The Beat Reporting entry consisted of a body of work published in 2013, including “Friendship Academy’s Journey to Success Took No Easy Path,” “As in His Life, Samatar’s Funeral Brought All Manner of Minnesotans Together,” “What Does It Do to Kids When Their School Building Screams, ‘Nothing Important Happens Here’?” and four other articles.
Beth Hawkins fills her blogs with solid reporting on a wide variety of issues in education. Written in an easy-to-read style, her pieces raise awareness of the people, the schools and the issues important to education in St. Paul. The [“Friendship Academy”] story on the “ladies” and the refuge they found with a teacher who gave them extra instruction in math was particularly striking.
Beth Hawkins brings a fresh approach, a conversational sort of authority and the savvy you hope for in a source of information about education. She hasn’t dumbed it down, but she has translated the philosophies she writes about with practical examples, strong descriptive skill, and a deft and mostly reliable avoidance of jargon. Anyone dismissive of the blog format should take note of her insightful use of it, exploiting too the opportunity to make personal observations that connect on a different level with readers. The warm – not smarmy or gushing – reflection on Samatar’s funeral [“As In His Life …”]is a case in point and the ‘rant’ on the depressing condition of some facilities [“What Does It Do … ?”] is another. The posts are well-reported, bring in voices from many strata, and written with engaging skill.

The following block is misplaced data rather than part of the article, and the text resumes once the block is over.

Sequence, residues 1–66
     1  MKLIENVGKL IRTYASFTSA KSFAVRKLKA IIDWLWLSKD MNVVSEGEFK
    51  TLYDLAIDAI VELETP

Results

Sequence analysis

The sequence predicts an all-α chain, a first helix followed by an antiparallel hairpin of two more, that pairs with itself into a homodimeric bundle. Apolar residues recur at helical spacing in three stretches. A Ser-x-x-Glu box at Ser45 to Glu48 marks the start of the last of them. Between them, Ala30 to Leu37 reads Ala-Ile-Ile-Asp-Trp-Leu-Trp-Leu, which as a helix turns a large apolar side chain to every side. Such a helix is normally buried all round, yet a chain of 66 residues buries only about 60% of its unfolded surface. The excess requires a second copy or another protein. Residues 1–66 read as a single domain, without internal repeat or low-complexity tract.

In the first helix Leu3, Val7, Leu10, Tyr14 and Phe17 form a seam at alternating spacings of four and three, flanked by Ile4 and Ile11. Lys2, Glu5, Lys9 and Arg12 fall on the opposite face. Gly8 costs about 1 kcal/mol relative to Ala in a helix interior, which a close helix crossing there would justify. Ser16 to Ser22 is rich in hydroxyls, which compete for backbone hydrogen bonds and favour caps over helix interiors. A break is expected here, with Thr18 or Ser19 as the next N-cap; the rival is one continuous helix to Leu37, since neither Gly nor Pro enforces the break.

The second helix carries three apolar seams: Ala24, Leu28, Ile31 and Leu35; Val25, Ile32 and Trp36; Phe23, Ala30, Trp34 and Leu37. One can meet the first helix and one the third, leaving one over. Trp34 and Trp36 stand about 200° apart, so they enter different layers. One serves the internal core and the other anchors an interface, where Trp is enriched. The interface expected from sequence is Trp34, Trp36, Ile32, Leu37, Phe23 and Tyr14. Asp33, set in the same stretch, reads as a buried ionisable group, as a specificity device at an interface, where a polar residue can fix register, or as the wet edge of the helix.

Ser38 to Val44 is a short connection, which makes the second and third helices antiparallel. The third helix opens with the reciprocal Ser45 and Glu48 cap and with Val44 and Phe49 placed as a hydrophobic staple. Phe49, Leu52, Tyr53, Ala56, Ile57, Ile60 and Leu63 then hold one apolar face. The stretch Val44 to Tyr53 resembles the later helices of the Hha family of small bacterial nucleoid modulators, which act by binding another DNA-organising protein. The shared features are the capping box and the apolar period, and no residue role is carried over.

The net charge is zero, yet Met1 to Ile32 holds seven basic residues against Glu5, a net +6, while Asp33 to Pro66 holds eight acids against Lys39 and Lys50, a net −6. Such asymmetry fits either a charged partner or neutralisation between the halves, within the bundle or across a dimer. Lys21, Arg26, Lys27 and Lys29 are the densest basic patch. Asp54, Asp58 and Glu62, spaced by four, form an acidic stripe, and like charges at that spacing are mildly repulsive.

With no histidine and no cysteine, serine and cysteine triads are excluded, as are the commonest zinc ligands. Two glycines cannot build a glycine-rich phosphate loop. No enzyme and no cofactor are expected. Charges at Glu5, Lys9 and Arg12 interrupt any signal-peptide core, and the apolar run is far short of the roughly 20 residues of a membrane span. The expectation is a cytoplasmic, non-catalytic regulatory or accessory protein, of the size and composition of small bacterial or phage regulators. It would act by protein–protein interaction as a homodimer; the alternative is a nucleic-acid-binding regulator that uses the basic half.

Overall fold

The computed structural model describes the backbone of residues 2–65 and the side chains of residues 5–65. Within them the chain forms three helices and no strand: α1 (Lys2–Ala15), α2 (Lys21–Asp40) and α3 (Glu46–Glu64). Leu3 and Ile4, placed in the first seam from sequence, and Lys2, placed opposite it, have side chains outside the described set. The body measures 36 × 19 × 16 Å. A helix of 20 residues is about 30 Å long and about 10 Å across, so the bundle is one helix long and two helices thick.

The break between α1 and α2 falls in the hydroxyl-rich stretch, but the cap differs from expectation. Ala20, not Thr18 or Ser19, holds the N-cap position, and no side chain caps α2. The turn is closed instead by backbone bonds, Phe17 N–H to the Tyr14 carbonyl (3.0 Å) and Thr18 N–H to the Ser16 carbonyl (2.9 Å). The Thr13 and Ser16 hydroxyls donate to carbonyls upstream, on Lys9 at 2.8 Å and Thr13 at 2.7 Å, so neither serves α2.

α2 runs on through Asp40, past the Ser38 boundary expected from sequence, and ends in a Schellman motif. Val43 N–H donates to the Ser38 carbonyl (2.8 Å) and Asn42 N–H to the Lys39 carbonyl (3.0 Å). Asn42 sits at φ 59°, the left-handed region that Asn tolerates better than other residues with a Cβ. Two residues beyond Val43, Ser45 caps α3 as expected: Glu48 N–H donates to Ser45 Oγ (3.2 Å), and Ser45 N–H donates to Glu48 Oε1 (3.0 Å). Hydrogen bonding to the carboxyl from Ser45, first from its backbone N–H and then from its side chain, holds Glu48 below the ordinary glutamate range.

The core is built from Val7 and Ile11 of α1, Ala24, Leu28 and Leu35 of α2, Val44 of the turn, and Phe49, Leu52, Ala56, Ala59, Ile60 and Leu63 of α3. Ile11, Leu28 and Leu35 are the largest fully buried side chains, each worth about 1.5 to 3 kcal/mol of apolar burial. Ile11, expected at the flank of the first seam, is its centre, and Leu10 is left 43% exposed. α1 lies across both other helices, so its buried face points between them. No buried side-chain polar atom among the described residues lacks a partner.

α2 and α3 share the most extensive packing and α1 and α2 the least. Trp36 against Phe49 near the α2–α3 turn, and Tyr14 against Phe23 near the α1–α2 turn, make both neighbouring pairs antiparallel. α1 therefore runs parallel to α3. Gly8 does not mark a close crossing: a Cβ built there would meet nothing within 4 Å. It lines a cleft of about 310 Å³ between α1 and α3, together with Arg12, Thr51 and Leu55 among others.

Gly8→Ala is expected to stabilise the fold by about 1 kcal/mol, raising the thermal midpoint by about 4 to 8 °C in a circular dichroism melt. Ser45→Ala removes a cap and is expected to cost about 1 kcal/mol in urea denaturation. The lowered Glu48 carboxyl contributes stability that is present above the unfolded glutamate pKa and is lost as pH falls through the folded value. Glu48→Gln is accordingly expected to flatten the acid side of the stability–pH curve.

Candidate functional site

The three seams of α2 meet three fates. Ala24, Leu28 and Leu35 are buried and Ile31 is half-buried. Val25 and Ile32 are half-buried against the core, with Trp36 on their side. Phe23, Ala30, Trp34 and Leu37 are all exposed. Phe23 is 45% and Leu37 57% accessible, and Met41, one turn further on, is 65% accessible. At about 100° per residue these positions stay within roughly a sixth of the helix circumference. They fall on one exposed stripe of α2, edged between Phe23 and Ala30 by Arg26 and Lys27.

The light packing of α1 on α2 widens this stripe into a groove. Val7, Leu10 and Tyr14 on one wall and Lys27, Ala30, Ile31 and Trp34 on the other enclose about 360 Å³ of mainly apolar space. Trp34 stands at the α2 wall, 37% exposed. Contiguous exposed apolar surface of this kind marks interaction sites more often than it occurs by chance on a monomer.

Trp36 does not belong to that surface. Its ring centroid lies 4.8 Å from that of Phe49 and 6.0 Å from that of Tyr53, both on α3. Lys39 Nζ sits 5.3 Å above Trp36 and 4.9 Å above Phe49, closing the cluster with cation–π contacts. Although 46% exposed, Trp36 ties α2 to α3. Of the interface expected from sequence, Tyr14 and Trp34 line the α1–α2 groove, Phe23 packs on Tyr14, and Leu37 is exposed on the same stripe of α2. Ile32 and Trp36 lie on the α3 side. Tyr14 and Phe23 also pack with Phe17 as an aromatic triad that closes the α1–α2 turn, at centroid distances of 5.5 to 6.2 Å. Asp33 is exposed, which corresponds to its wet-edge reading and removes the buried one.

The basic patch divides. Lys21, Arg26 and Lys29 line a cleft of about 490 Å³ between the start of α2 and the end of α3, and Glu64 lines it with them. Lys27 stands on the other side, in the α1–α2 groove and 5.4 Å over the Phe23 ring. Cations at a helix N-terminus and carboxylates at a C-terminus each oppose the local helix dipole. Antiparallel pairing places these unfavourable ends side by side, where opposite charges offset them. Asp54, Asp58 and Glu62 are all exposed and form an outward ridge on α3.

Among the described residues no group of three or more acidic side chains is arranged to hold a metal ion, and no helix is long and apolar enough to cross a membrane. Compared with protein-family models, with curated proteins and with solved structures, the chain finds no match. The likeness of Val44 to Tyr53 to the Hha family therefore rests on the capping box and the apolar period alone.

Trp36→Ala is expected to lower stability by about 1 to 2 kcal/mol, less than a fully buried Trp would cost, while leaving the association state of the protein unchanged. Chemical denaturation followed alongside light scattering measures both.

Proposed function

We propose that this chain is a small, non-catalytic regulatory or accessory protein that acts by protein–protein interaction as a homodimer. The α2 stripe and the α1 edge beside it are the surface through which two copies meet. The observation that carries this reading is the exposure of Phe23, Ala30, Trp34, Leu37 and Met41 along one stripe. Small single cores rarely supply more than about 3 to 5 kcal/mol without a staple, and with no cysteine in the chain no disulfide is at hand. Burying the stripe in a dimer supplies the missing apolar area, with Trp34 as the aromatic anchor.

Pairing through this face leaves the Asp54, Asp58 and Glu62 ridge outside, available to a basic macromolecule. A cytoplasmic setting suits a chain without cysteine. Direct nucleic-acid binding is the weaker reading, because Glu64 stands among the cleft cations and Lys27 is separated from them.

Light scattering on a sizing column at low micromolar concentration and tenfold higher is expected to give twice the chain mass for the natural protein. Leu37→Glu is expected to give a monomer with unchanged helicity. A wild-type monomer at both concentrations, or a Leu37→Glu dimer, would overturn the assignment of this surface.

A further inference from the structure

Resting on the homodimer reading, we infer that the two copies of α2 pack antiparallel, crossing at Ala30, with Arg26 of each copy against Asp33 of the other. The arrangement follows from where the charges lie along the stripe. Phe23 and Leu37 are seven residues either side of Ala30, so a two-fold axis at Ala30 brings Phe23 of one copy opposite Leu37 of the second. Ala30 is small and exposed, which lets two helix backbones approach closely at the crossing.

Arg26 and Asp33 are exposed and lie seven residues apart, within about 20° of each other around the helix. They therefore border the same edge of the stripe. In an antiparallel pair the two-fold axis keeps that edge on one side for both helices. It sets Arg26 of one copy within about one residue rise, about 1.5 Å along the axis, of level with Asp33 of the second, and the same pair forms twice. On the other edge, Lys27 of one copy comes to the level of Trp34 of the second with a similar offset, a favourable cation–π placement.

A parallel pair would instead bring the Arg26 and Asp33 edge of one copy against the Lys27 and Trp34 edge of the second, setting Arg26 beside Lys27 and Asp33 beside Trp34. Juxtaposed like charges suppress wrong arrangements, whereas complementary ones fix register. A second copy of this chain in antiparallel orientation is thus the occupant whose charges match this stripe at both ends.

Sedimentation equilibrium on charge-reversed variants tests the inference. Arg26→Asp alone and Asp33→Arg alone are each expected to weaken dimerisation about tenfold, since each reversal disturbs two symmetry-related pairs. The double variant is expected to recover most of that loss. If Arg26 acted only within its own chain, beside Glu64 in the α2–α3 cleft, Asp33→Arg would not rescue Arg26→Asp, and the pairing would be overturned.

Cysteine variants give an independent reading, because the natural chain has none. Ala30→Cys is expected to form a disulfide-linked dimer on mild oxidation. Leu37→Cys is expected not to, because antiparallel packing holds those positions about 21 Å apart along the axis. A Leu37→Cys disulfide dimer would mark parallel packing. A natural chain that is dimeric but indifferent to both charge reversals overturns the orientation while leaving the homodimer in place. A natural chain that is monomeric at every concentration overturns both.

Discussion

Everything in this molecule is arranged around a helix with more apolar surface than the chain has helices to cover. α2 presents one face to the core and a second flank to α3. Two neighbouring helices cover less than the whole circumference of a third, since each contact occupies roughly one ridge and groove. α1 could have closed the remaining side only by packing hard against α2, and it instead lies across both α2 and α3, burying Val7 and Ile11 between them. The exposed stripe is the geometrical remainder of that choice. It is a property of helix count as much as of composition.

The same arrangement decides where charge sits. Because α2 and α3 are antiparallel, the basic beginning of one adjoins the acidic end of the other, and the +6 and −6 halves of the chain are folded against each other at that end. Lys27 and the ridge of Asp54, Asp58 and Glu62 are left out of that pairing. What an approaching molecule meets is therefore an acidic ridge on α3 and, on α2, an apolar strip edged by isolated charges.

In the category Single-Topic News or Feature — Small Newsroom, Beth and Tom Nehil won third prize for an entry titled “District 287,” a series of articles that addressed a largely hidden crisis in education. Focusing on Intermediate District 287, the series described how a decade of social-service cuts and rising poverty have left Minnesota schools — which turn no child away — struggling to serve a growing number of students whose severe mental-health issues and cognitive disabilities aren’t being addressed anywhere else.
Judges’ comments about the series:
Given incredible access, Beth Hawkins was able to tell the story of students often forgotten in the educational system, and how schools are pooling resources to try to get these children the help they need.
With this series, Beth Hawkins demonstrates again the great value a community gains when quality journalists have meaningful access to information and people. Hawkins took a topic that makes most people’s eyes glaze over – education funding – and brought it into three dimensions, showing the impact on kids, the complications of cross-subsidy strategies, and the ongoing obstacles to paying the full freight of programs that are mandated by law, essential for many kids, and often extremely expensive.